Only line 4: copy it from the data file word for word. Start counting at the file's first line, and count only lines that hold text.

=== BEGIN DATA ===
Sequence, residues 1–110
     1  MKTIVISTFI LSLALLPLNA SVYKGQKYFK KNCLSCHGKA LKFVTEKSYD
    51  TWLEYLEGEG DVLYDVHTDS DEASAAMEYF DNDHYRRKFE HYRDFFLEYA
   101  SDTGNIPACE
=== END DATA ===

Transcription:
   101  SDTGNIPACE